Geoff told me about his game, and for me the best part was when the player realized that crawling through an earthen tunnel to get to an actual dungeon meant that they were on a dungeon crawl. The other best part was when they awoke the giant stone idol because the thief wanted to make it look like the victim they were rescuing had escaped.
Hoggart's Follow was one of those game where you had an idea of where you wanted it go to and the player end up going completely the opposite direction. I had wanted them to try to gather the pieces of the only map that was created of Hoggart's Castle, but instead it ended up as some sort of political intrigue game where the Guards and the Guides were busy fighting each other, so that the Maids (I had to try to come up with something funny, so I came up with Ninja Maids) had to find a way to defend the King and Queen from being attacked. That was the hope anyway, but it did end up turning a little more serious than I had intended which just proves that it's hard to be spontaneously funny all the time.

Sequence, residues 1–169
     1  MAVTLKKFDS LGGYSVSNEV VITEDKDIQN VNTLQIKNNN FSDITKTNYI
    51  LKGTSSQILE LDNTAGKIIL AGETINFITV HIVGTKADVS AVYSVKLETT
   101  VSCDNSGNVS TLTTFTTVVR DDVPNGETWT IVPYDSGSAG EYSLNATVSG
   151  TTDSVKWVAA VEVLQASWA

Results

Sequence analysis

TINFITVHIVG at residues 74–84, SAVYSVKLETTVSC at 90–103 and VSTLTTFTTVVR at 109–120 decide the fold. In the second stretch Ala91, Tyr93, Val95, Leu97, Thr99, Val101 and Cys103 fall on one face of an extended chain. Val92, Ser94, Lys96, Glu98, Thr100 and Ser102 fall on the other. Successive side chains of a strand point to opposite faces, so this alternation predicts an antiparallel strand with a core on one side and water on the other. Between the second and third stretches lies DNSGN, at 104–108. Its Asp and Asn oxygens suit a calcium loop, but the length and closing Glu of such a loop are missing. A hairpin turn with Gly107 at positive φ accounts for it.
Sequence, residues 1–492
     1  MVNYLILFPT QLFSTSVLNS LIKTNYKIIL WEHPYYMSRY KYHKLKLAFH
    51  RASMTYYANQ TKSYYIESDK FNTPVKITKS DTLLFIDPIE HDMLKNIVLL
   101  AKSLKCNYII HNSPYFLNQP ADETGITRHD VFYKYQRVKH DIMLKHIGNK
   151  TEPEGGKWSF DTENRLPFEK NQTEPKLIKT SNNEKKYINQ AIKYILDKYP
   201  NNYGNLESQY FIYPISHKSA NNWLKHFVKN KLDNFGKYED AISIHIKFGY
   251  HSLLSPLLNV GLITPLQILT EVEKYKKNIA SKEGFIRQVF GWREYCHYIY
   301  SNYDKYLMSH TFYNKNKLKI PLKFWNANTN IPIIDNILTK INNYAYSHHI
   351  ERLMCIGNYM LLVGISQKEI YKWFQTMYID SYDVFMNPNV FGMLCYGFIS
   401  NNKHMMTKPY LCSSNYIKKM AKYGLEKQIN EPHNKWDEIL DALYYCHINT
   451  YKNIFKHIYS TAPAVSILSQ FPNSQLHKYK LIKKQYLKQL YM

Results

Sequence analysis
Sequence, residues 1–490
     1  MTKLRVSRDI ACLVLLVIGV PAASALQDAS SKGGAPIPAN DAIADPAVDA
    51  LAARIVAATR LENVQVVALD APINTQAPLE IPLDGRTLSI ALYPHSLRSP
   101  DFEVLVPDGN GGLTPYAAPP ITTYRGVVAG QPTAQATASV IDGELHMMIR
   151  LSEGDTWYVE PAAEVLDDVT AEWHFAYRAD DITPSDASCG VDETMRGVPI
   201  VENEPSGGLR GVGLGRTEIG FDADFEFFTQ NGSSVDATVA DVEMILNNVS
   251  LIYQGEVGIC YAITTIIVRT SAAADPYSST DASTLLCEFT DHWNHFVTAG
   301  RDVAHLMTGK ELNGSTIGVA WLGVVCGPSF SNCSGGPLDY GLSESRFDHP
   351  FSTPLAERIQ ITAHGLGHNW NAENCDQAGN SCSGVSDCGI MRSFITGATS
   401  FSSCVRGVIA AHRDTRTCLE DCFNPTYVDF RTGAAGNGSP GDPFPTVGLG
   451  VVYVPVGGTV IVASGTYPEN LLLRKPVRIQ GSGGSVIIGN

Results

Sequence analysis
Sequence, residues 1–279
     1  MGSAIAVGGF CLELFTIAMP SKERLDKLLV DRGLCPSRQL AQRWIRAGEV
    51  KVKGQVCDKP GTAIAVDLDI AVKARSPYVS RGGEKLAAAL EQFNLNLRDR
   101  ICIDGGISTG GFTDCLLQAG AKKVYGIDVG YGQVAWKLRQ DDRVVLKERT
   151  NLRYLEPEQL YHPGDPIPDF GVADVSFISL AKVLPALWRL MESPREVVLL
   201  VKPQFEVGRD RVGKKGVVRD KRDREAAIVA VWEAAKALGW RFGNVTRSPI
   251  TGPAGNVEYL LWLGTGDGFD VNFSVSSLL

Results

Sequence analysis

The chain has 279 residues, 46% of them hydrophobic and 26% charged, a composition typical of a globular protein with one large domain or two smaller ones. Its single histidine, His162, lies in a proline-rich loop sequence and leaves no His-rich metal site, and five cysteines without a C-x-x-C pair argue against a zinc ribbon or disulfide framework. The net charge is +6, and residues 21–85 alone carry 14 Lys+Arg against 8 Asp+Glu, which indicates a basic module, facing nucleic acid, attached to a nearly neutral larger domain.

Ultimately there was a lot of interest in the game, which makes me anxious to get it out. I need to talk to the artistic folk and see if we can't get this done by the end of the year. It's really something I think will do well.
I only ran one game of Geasa, because I made a mistake and they ended up duplicating the Critical! stuff rather than the Geasa stuff, but it was a lot of fun. We ended up telling a story of post-war London with a Streetkid who was looking for his parents, a pub owner who was a pillar of his community, a noble woman looking to get a better sense of the common folk and a constable that was still on the take for the remnants of the Axis.
The game ended with the Constable being run off after capturing the orphan Streetkid by the Pub Owner and his local mob. There were some great moments, Eric playing the Fae to the Noblewoman ended up making her obsessed with Stags even though he didn't spend a die. It's just another moment that shows you can do a lot as a Fae even if you don't have any dice.
Ultimately, I would call this a super successful con. It's given me that extra push to get Critical! done, which I may or may not be working on ... right now. I just hope I can get most of it updated and organized before Game Chef kicks in. Damned Shakespeare theme.
Tuesday, July 12, 2011
My big question though, is what came in second for a lot of the judges. That's where the conversation really starts, and where it gets interesting which is why I want to bring it up.